You could use "disallow concurrent execution" in combination with the before commit microflow mentioned by Michel to prevent concurrency problems. Upon concurrent execution you could execute a microflow which will sleep for a while and then tries again. This will go on until it succeeds.
Microflow aggregate functions are optimized automatically if the variable resulting from the retrieve activity used as input for the aggregate function is not used elsewhere in the microflow. So instead of retrieving a list and counting the number of objects an SQL COUNT(), MAX(), .., function is called directly in this case.
UPDATE (in response to UPDATE 2 and 3)
What I would do is a make an "ObjectBeforeCommit" microflow in which the sequence number is incremented and set "disallow concurrent exeuction" to false. When you tick "disallow concurrent execution" you can choose to display an error message or to execute a microflow when an attempt for concurrent execution is encountered.
For this particular case I would choose to execute a microflow which will sleep for a while (e.g. by calling a java action which calls Thread.sleep() ) and then call the "ObjectBeforeCommit" microflow again. This process will continue until it succeeds.
In the before commit microflow you should check whether the object is new (with the isNew() function call in microflow expression). This will return true if the object has been created but not yet committed. In that case the sequence number should be incremented, otherwise nothing has to be done.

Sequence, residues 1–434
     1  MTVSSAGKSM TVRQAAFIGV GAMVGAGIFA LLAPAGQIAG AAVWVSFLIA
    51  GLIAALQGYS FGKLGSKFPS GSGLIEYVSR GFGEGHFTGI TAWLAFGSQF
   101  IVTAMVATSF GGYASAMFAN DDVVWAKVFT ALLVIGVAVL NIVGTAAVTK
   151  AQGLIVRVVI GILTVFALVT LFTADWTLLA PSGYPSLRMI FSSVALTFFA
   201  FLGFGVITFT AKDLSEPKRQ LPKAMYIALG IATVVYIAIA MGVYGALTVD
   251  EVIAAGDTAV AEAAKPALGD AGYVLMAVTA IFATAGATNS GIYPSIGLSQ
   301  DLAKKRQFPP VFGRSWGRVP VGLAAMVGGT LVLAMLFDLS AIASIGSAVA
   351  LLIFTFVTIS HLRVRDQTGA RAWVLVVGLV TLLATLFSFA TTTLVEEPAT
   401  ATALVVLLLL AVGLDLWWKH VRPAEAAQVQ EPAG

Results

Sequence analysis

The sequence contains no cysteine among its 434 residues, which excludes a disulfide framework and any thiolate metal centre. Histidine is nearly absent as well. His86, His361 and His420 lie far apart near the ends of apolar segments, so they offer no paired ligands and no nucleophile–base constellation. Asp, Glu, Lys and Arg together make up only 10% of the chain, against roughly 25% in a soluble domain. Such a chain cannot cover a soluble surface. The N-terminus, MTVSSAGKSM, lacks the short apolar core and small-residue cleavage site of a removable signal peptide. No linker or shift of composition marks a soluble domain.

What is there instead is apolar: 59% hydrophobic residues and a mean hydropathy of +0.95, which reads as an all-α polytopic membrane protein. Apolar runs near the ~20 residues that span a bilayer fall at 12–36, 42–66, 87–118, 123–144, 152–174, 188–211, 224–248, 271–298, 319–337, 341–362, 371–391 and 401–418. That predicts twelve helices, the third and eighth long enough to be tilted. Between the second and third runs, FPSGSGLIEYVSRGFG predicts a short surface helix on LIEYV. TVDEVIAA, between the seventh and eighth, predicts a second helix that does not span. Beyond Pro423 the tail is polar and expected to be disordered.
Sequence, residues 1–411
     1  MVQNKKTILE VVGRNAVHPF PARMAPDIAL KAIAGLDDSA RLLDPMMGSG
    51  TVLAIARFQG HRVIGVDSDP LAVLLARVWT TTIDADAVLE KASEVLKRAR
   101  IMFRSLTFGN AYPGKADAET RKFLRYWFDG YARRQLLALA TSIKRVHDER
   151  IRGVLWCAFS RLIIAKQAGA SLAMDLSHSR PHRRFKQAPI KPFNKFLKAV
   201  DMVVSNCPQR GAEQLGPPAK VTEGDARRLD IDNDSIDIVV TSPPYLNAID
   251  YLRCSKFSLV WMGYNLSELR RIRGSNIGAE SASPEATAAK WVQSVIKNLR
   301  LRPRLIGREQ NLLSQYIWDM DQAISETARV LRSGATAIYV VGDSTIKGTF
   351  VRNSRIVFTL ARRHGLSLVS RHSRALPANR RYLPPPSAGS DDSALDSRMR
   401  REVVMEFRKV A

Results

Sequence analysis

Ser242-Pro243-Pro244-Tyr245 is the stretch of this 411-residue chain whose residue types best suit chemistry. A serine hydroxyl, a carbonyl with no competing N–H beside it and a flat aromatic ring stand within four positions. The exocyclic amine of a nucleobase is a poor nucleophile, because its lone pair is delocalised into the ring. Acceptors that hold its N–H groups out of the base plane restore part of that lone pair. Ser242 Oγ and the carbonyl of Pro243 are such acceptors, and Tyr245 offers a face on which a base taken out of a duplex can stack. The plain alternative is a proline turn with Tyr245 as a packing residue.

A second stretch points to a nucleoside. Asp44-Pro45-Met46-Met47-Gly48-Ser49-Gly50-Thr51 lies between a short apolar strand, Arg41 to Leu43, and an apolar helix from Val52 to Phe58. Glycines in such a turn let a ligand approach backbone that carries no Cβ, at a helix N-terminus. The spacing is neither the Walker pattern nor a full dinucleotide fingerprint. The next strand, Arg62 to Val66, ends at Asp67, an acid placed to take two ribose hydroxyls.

I think creating sequential numbers is not the intention of autonumbers. However a solution to your problem might be using an attribute which is set in the before commit to the total number of objects. (which, when all number are sequential and start at zero, equals the highest number + 1)
Another solution is to use the max aggregate function, and add 1 to it.
I do not dare to say what will happen in your case when two concurrent users commit an object at the same time.
Concerning the second question; max and count are translated and executed at the database level, so the performance penalty is not that bad; the runtime does not retrieve and instantiate all objects to calculate aggregates.
(i will notify the r&d guys on the question)
If you want an unbroken sequence you should generate the number when nothing can fail, so not on create but with an update doing just the number generation.
You need some kind of locking to ensure unique numbers and to only give out the next number when the current is committed. I don't know how to lock tables/records in Mendix.